How to prepare for a home inspection
Selling a home is always a fun experience. It has some challenges, but getting the deal you were hoping for will bring a smile to your face. However, to get to that deal, your house needs to be as flawless as possible. You don't want your home inspector to find burned-out lightbulbs, sticky windows, and holes in the drywall. To help you achieve your goal, we decided to share with you some tips on how to prepare for a home inspection.
Although following these can't guarantee you a perfect write-up, it surely can get you closer to it. So, here are the things you should know and care about when preparing for an inspection.
Understand what the inspector is looking for
First, you need to find out what home inspectors look for to get where you want to be. To impress them, you need to understand how these people think and operate. For instance, changing the color of the walls will get you nowhere if there's a problem inside of them.
Inspectors' checks are mainly visual. They look for health, safety, and mechanical issues that don't meet the standards of the state or loan requirements. So, anything significantly deficient, unsafe, or near the end of the service life will get noticed.
Of course, these people don't have X-Ray vision. They won't cut into the walls, and they won't be bothered with decor.
On the other hand, you can expect them to turn on the stove, let the dishwasher do its thing, flush toilets, and run faucets in the house. Their job is very pedantic, and some of their checklists have more than a thousand things to complete. Therefore, you can expect them to be in your home anywhere from two to four hours. The general rule is an hour per a thousand square feet.
The inspector will care about the state of your windows a lot more than about your decor.
Make sure they have full access
If you're waiting for your house to be sold to start your relocation, you might think it's a good idea to prevent inspectors from seeing something you don't want them to see. However, the only way to get them on your side is to help them do their job efficiently. So, if relocating someplace far away and you've already hired residential movers, you should do everything you can to help the home inspector, as it will actually speed up the process. Go around the house and make sure they have access to all the areas they need to check.
Unlock the attic, garage, allow them to see the crawlspace and that quirky storage closet you're embarrassed about. In essence, you should make any part of the physical structure of your home easily accessible. Also, don't forget to leave them the remote controls for the equipment that is sold with the house.
You don't have to declutter your home before the inspector visits. In fact, it's better that you skip this step. When you pile all of your contents in the utility room, the inspector can't check mechanical components. They need full access, and it's in your interest to grant it to them if you want to prepare for a home inspection properly.
A pre-listing inspection is always a good idea
No one likes unpleasant surprises. If you want to avoid them, you can always order a pre-listing inspection. It's like a dry run. You find out what's wrong with your home before you have any interested buyers, and you can take all the time you need to fix them. Of course, if there's anything you don't want to deal with, you can mark down your price for it.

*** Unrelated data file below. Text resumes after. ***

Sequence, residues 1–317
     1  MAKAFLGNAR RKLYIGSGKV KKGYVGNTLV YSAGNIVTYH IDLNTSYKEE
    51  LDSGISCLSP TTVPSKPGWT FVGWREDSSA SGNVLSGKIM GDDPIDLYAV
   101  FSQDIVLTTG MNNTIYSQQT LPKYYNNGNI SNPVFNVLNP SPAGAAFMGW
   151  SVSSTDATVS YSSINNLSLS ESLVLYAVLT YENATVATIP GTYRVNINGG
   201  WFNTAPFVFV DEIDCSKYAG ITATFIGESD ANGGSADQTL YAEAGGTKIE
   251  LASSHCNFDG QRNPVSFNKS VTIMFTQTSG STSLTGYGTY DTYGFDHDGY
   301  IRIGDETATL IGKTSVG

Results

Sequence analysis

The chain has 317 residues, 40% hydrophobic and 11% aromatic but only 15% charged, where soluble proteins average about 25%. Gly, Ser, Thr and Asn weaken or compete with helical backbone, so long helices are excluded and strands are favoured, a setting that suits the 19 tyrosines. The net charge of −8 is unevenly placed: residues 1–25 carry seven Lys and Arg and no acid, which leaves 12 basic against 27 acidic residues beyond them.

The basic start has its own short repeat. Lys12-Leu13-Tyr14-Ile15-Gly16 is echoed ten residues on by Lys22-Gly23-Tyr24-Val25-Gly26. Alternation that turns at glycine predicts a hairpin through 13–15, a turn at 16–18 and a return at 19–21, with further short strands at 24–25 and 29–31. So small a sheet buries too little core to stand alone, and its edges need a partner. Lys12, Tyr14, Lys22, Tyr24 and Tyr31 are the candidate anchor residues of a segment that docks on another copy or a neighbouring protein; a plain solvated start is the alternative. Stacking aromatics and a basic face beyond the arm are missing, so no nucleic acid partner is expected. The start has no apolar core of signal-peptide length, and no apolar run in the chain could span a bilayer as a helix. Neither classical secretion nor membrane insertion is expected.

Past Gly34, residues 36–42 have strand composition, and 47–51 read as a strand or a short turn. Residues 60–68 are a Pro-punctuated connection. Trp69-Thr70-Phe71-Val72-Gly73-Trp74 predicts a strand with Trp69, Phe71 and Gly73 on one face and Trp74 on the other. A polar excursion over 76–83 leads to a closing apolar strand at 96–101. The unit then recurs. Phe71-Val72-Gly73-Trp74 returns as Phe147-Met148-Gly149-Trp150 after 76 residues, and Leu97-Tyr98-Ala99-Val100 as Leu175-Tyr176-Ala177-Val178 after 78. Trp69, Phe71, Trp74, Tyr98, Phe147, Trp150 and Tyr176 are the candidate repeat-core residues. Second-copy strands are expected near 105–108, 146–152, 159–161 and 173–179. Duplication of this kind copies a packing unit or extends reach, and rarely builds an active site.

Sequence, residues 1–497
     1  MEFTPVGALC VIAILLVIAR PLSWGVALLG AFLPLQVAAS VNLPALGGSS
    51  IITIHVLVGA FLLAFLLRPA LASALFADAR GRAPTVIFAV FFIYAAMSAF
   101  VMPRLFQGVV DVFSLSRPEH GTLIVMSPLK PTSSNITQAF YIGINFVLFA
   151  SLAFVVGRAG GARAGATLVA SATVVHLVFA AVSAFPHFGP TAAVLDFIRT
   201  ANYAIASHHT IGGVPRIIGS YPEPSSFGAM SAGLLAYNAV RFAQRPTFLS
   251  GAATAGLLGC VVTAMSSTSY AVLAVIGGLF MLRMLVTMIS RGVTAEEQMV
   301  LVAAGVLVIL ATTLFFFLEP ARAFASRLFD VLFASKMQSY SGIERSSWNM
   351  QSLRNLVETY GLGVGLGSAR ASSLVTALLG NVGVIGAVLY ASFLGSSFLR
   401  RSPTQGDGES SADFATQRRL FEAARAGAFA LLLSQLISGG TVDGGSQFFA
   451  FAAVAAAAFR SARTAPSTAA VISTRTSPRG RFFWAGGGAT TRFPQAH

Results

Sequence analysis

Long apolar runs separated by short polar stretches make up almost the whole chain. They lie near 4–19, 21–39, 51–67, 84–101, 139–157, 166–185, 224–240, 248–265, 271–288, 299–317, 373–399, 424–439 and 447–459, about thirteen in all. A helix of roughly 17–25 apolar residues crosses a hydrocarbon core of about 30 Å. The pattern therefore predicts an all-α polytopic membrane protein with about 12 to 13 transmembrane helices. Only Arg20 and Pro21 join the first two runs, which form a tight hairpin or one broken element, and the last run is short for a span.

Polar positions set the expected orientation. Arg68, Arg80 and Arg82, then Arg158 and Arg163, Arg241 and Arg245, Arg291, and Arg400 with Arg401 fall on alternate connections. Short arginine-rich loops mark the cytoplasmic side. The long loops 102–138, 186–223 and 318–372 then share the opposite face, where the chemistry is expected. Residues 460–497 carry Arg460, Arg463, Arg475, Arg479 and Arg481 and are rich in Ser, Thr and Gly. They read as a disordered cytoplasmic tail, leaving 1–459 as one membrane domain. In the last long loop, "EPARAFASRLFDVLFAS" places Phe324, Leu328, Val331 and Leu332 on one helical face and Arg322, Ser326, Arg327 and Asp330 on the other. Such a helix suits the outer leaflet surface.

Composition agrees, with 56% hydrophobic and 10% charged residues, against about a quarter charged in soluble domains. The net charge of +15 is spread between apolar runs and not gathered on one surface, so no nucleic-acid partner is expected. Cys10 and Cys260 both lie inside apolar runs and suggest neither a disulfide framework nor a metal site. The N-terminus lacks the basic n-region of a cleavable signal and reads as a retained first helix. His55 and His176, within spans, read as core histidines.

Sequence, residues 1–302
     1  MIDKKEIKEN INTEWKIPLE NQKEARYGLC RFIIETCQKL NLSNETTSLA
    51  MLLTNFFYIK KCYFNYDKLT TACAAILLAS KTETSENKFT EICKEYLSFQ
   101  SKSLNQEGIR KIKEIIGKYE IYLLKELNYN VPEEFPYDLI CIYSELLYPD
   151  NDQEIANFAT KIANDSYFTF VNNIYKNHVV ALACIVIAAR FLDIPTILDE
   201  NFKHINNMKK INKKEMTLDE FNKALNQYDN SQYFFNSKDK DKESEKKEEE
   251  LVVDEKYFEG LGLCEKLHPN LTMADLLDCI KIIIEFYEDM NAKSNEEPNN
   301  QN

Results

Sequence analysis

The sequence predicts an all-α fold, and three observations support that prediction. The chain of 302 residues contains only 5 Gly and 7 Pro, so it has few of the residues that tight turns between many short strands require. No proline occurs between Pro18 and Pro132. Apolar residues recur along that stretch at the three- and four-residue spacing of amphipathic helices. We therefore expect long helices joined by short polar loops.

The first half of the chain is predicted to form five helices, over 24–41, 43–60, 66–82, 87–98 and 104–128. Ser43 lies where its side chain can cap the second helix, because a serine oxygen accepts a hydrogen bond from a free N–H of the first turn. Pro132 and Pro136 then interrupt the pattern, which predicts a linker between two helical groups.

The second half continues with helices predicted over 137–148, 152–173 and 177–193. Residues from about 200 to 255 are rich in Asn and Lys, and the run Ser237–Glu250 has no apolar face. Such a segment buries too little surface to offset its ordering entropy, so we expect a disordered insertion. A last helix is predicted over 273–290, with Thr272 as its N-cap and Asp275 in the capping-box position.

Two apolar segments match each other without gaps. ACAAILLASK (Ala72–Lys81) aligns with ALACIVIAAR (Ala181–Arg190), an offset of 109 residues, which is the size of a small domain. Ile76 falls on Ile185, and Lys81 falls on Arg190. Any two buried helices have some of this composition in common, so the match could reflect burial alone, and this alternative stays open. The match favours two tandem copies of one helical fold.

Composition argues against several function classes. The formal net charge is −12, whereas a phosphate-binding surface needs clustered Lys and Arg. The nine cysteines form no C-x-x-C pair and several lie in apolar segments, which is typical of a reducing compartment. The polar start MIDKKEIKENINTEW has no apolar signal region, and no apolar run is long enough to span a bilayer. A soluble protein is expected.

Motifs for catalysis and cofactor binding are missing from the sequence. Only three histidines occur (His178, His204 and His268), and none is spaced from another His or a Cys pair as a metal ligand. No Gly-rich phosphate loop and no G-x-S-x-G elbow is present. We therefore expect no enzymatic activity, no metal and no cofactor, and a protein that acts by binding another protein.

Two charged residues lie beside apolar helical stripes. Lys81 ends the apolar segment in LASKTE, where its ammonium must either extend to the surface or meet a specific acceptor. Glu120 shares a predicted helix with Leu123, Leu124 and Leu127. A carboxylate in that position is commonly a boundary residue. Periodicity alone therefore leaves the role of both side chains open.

All in all, there aren't any cons of inspecting before you put up your house for sale. You'll know all your strong and weak spots in advance, and you'll be able to use them to your advantage. And the best of all is that if you live in New York, there are some very affordable home inspection services you can look into.
It's a good idea to get your home inspected before you put it up for sale.
Fix what needs to be fixed
You should know that even minor preparations can have a big impact on a home's appearance and the inspector's impression of it. Don't hesitate to change that light bulb and patch the hole in the drywall. Leaky faucets and non-opening windows are also easy fixes, and you probably can do them yourself.
If you did some preventive maintenance, remember to put the receipts and warranties on the kitchen counter or a table. The inspector will review them and factor them in. And if something in your home needs a repair, get an estimate before the inspection. This way, both inspector and the buyers will know what's going on.
Also, refresh your memory about your home's systems and layout. You should know where your electrical box is and if you have a sump pit. If you need to, take a quick walk around your property to remember where everything is.
Use a checklist to prepare more easily
To help you prepare like a pro and avoid things that fail a home inspection, we've made a checklist to guide you through the process. Of course, you can add to it whatever you think is necessary. But these are the things pretty much any homeowner should know about.
- Clean out your gutters
- Check wood trim joints
- Secure all wood or brick steps
- Fix shingles on the roof
- Check for leaks on the hose faucet
- Change out air filters
- Make sure all the doors open and close properly
- Replace non-working light bulbs
- Check all power outlets
- Inspect the water heater
- Test the kitchen appliances
- See if all the toilets flush properly
Garage, sheds, and basement:
- Move stored items away from the walls so the inspector can access them
- Make sure that the garage door opener works as it should
A checklist will help you prepare for a home inspection more easily.
There are plenty of things you can do to prepare for a home inspection. However, none of them are too difficult to perform. Fix the minor issues around the house, grant full access to the inspector, and you have nothing to be worried about.